On March 01, 2023, the project “PID Network Deutschland – Network for fostering persistent identifiers in science and culture”, funded by the German Research Foundation (DFG) and scheduled to run for 36 months, will start. Partner institutions of PID Network Germany are DataCite, the German National Library, the Helmholtz Open Science Office, the Bielefeld University Library, and the German National Library of Science and Technology (TIB).
Wellcome Trust and the Chan Zuckerberg Initiative Partner with DataCite to Build the Open Global Data Citation Corpus
Aggregated references to data across outputs will help the community monitor impact, inform future funding, and improve the dissemination of research Amsterdam – 17 January 2023 – DataCite is pleased to announce that The Wellcome Trust has awarded funds to build the Open Global Data Citation Corpus to dramatically transform the data citation landscape. The […]
Mind the gap – what to expect when practicing FAIR
Implementing FAIR Workflows: A Proof of Concept Study in the Field of Consciousness is a 3-year project funded by the Templeton World Charity Foundation. In this project, DataCite works with a number of partners on providing an exemplar workflow that researchers can use to implement FAIR practices throughout their research lifecycle. In this monthly blog series, the different project participants will share perspectives on FAIR practices and recommendations.
In this post, Xiaoli Chen, project lead at DataCite, reflects on the gap between acknowledging FAIR and practicing FAIR.
Investigating PIDs for organizations – ORCID DE 2 project successfully completed
As an open infrastructure that is embedded in its community, DataCite is involved in various projects to promote our vision of connecting research and identifying knowledge through persistent identifiers (PIDs). Within the German ORCID DE 2 project, DataCite led the work package on organization identifiers – including ROR. This guest blog post by Antonia Schrader is a crosspost from the ORCID DE blog outlining the achievements of the ORCID DE 2 project.
Towards richer metadata – perspectives from three DataCite projects
Metadata is at the heart of DOIs and open scholarly infrastructure. At DataCite, our metadata schema defines what metadata properties can be included through DOI registration. The schema currently includes just six required properties—identifier (the DOI), creator, title, publication year, publisher, and resource type—along with 14 recommended and optional properties.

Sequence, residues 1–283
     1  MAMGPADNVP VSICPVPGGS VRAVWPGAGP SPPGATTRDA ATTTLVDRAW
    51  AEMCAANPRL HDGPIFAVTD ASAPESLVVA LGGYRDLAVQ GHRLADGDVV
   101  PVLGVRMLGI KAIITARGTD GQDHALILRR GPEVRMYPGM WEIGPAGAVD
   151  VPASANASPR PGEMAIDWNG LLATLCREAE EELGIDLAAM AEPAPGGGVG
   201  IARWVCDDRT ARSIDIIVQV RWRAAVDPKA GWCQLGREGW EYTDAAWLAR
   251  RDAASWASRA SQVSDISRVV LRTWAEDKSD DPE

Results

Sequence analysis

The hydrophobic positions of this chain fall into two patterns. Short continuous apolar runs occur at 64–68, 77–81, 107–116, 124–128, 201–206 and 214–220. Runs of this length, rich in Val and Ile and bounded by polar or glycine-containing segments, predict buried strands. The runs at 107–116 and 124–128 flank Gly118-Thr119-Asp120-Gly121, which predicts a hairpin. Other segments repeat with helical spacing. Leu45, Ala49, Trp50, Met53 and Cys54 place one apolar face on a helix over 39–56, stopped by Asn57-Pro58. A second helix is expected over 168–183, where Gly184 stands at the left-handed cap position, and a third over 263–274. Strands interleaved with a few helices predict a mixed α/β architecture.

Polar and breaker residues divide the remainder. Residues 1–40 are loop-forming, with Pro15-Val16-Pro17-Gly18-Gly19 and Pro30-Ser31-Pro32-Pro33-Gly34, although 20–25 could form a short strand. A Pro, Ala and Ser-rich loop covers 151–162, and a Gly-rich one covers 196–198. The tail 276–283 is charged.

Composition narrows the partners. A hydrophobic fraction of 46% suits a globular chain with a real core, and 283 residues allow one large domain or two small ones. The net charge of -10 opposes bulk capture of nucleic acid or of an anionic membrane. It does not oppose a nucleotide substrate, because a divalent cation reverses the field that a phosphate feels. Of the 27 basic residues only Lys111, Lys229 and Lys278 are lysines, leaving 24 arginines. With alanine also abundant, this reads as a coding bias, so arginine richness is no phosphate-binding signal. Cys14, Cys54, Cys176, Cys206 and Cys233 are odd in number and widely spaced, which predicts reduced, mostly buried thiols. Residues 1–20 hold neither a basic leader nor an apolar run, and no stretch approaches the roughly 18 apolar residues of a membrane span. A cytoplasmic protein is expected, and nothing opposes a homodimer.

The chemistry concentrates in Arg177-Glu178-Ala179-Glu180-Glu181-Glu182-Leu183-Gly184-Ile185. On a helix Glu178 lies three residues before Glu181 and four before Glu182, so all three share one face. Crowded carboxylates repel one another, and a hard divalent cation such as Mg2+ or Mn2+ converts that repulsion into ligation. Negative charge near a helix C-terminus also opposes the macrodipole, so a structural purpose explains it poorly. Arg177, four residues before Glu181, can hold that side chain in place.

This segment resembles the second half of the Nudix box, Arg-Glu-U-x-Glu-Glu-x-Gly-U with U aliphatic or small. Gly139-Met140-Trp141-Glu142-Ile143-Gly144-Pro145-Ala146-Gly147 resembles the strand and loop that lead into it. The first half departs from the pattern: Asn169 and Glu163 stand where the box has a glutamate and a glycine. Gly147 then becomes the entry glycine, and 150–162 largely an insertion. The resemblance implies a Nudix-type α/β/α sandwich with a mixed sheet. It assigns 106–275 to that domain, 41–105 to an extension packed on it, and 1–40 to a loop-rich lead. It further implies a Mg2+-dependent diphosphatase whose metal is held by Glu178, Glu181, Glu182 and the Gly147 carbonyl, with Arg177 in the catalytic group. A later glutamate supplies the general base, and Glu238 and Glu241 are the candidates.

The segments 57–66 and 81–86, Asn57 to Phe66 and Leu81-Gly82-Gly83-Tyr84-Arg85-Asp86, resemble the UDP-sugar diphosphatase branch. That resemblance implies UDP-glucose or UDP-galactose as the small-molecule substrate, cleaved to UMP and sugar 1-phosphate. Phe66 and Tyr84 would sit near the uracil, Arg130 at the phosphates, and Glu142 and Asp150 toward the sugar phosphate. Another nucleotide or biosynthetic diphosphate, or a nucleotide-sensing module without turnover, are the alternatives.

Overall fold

On the one hand, requiring only six metadata properties keeps the schema flexible and makes it easy to get started with DOI registration. At the same time, we want to encourage all DataCite Metadata Schema users to go beyond the mandatory properties and to share rich metadata that includes all available information about a given resource. This is especially important for metadata properties that are essential for discoverability—such as description and subject—and building connections between PIDs—including identifiers for related resources, people, and organizations. Keeping metadata up-to-date is also critical to ensure that the “persistent” part of persistent identifiers lives up to its full potential.
FAIR is everywhere
In this second blog post, Helena Cousijn, Director of Community Engagement at DataCite, shares what makes the FAIR workflows project different.
It takes a village to communicate the value of PIDs
I joined DataCite to contribute to the FAIR-IMPACT project (and FAIRCORE4EOSC but that’s a topic for another blog). Today I’m happy to share with you some of our plans and progress made so far.
The pitfalls of traditional workflows – with a silver lining
Implementing FAIR Workflows: A Proof of Concept Study in the Field of Consciousness is a 3-year project funded by the Templeton World Charity Foundation. In this project, DataCite works with a number of partners on providing an exemplar workflow that can be used by researchers to implement FAIR practices throughout their research lifecycle. In this monthly blog series, the different project participants will share perspectives on FAIR practices and recommendations.
In this first blog post, we hear from Zefan Zheng, who is doing his PhD at the Max Planck Institute for Empirical Aesthetics and responsible for the neuroscience experiments in the project.